Supreme Court hearing on local authorities’ liability for child abuse

15 July 2018 by Rosalind English

BOP-logo.jpgOn 16thJuly 2018 the Supreme Court will begin to hear legal arguments on the appeal of the children against the judgment of the Court of Appeal in CN and Anor v Poole Borough Council [2017] EWCA Civ 2185

I wrote up the original judgment here. The appeal was expedited and the Court will now consider the extent to which local authorities owe a common law duty to protect children from harm arising within the community where they live.

Background 

A quick reminder of the somewhat remarkable facts of the case. In 2006 Mrs N and her two sons CN and GN, then aged nine and seven (one of whom was severely disabled), moved to a housing estate in Poole. The accommodation was arranged by the council as the local housing authority. Over the ensuing years, the family suffered from the effects of extreme anti-social activities of a neighbouring family. This behaviour was frequently reported to the property owners, officers of the council and local police. A measure of the seriousness of the case can be gained by the fact that the Home Office became involved and commissioned an independent case review which reported critically on the reaction of the agencies.  The appellants’ distress was so great that one of them attempted suicide. They continued to suffer from their neighbours’ behaviour until they were provided with alternative accommodation in December 2011.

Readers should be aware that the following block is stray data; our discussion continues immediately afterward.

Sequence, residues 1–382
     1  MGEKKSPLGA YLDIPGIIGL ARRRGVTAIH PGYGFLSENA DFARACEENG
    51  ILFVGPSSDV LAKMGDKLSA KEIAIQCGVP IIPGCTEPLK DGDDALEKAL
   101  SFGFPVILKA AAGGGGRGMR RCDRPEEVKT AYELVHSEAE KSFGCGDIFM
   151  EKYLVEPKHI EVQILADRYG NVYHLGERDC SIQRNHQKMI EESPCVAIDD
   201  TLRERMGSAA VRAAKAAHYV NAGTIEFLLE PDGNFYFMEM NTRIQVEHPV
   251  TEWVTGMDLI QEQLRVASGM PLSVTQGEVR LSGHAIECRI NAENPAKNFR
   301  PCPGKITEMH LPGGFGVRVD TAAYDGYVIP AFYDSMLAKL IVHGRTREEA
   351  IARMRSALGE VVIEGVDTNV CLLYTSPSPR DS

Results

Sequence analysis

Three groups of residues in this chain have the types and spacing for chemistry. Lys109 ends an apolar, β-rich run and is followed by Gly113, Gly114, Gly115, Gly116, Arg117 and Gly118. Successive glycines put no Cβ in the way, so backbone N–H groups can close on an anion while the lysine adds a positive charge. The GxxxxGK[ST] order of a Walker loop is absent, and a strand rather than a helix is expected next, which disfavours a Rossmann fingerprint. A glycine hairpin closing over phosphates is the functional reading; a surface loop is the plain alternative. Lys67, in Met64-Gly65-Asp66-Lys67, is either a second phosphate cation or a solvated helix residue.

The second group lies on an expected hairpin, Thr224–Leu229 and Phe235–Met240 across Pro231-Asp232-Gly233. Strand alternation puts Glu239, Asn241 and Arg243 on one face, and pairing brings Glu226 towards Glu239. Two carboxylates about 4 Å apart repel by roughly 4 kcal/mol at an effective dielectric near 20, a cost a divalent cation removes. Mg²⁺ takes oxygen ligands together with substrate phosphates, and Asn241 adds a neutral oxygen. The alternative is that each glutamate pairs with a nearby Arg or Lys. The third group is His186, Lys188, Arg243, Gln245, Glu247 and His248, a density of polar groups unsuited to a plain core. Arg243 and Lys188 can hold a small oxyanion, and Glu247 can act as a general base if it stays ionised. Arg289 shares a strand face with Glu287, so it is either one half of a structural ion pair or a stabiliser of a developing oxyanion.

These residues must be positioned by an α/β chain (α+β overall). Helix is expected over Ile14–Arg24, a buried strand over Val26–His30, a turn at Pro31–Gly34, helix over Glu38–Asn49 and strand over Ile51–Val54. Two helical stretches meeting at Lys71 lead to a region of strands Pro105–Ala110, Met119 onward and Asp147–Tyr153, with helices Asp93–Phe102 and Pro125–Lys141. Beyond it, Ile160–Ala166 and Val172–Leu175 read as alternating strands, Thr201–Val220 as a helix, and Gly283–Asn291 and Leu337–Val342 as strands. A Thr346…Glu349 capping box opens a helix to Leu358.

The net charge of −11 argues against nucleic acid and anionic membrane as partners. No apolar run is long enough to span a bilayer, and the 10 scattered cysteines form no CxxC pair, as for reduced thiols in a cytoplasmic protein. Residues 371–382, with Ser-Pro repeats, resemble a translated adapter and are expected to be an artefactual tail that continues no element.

Among the important issues being considered is whether the decision in D v East Berkshire Community NHS Trust was correct, and whether it has been impliedly overruled by later House of Lords and Supreme Court authority. In D, the Court of Appeal concluded that local authorities did owe a duty at common law, a contention rejected by the Court of Appeal in this case.

The Supreme Court hearing

The appeal is being heard over a day and a half by Lady Hale (President), Lord Reed (Deputy President), Lord Wilson, Lord Hodge and Lady Black.

The appellants are represented by (1) Lizanne Gumbel QC, who leads (2) Iain O’Donnell, (3) Duncan Fairgrieve and (4) Jim Duffy.  They are instructed by Leigh Day.  Poole are represented by Lord Faulks QC, Paul Stagg and Katie Ayres. (5) Philip Havers QC, Andrew Bagchi QC and (6) Hannah Noyce appear for the AIRE CENTRE, which is the lead intervener. The Supreme Court has also agreed to interventions by the Coram Children’s Legal Centre which is represented by Deirdre Fottrell QC, (7) Martin Downs and Tom Wilson. Aswini Weereratne QC, Caoilfhionn Gallagher QC and Nicholas Brown appear for Article 39 & the Care Leavers’ Association. The barristers numbered above are all from 1 Crown Office Row.

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